Lufthansa Flight 005
Similar plane D-ACAD at Copenhagen Airport, 1968
|Date||28 January 1966|
|Summary||Stall during go-around|
|Aircraft type||Convair CV 440|
Lufthansa Flight 005 was a scheduled flight en route from Frankfurt to Hamburg with a stopover in Bremen. The aircraft crashed just beyond the runway in Bremen just before 19:00 on January 28, 1966, in a go-around after an aborted landing. All occupants — 42 passengers and 4 crew members — died in the accident.
Among others, seven swimmers from the Italian Olympic team, their coach, and an Italian reporter were on board the 53-passenger aircraft. A stone tablet with the names of the dead Italians was placed in their memory in Norderländer Straße near the crash site.
Sequence of events
The flight departed Frankfurt Airport on runway 25R at 5:41 PM after a slight delay of 8 minutes. The aircraft's weight at takeoff was 22,148 kilograms (24.414 short tons), only slightly under the maximum of 22,544 kilograms (24.851 short tons). The Convair CV-440 was fueled with 3,200 litres (850 US gal) of aviation gasoline, sufficient for a flight of 5 hours, 13 minutes. This extra reserve was necessary because the crew had chosen Stuttgart Airport as their alternate destination due to poor weather conditions.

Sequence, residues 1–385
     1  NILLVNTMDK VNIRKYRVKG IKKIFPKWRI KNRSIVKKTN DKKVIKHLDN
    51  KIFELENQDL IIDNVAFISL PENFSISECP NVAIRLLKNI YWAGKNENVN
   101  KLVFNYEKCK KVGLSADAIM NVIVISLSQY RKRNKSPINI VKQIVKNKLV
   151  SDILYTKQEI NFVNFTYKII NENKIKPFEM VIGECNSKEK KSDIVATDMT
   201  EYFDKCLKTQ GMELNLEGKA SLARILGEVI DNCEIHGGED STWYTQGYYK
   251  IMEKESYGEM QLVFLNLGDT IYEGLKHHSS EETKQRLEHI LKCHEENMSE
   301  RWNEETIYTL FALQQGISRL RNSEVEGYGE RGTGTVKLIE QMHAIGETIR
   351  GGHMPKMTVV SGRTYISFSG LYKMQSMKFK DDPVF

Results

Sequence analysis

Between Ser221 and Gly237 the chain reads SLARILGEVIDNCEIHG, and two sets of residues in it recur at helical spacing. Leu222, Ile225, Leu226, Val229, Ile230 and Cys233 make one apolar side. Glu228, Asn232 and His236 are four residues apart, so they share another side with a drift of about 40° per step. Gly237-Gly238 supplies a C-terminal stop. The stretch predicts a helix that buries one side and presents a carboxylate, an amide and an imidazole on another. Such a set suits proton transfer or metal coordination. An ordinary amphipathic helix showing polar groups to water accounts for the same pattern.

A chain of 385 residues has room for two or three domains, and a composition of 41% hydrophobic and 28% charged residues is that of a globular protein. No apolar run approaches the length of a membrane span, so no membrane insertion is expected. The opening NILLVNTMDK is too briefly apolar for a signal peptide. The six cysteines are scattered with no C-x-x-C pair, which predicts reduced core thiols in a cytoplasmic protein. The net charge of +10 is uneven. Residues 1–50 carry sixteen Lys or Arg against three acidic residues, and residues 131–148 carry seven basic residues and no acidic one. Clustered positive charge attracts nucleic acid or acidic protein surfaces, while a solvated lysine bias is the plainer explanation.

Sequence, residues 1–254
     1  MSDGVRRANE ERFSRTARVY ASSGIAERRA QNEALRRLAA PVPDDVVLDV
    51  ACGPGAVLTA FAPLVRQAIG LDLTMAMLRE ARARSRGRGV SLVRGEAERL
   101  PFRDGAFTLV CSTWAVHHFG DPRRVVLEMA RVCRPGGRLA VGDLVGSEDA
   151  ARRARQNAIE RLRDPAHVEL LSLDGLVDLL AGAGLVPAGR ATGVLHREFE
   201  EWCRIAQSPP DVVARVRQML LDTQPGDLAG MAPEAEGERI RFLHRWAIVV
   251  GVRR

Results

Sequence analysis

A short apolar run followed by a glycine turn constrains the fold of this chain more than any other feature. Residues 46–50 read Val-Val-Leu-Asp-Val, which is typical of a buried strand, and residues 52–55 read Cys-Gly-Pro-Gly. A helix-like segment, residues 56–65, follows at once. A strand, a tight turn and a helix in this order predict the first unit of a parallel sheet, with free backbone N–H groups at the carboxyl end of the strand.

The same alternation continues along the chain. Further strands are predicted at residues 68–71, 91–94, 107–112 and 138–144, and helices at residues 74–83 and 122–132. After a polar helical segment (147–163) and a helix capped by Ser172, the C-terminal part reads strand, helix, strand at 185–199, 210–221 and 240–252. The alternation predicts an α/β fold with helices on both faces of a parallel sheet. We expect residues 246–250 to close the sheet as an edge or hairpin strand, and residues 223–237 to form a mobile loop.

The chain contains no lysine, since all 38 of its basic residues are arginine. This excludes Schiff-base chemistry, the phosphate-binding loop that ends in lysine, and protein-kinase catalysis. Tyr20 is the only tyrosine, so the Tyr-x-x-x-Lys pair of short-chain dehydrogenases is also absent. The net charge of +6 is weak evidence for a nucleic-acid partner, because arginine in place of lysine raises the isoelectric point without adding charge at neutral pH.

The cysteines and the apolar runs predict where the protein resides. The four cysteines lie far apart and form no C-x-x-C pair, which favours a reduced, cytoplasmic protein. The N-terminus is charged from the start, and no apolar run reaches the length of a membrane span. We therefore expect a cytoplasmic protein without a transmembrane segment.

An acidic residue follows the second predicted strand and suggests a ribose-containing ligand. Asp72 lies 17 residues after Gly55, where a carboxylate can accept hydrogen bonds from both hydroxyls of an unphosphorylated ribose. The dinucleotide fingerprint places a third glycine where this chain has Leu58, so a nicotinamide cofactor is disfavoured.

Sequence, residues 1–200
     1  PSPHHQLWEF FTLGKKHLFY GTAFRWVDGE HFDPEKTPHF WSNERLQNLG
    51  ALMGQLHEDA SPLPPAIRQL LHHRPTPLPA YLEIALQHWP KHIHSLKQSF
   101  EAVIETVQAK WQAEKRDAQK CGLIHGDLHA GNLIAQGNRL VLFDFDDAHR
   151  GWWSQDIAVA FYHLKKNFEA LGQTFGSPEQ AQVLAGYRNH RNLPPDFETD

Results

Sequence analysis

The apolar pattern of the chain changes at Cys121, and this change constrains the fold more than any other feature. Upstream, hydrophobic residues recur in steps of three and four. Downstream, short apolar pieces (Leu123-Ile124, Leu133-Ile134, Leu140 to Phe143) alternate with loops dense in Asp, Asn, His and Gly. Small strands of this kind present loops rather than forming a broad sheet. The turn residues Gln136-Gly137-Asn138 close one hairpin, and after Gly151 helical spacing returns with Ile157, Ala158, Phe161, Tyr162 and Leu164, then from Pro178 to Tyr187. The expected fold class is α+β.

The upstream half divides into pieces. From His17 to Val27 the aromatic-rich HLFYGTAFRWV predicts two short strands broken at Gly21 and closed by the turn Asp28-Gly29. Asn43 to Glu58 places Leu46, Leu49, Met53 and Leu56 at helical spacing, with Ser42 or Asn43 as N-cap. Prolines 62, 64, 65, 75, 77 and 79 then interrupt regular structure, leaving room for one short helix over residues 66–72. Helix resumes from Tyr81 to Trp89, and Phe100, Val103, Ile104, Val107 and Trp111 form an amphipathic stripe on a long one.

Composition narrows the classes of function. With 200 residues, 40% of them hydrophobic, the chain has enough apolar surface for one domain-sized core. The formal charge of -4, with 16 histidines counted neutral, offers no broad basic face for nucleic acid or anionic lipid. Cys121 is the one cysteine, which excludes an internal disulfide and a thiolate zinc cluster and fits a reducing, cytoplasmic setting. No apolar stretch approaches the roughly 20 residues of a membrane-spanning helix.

At about 18:40, after about 30 minutes cruising at Flight Level 140 (14,000 ft or 4,300 m), the flight began its approach from the east to runway 27 at the Bremen Airport. The temperature was 4 degrees Celsius and the ceiling was less than 100 m (300 ft). The visibility was only approximately 700 m (2,300 ft) because of heavy rains. Wind speed was 9 knots from 140 degrees. The resulting tailwind affecting the aircraft was 6 knots. The minimum weather conditions at the Bremen Airport for that Convair 440 aircraft type permitted a tailwind of no more than 5 knots.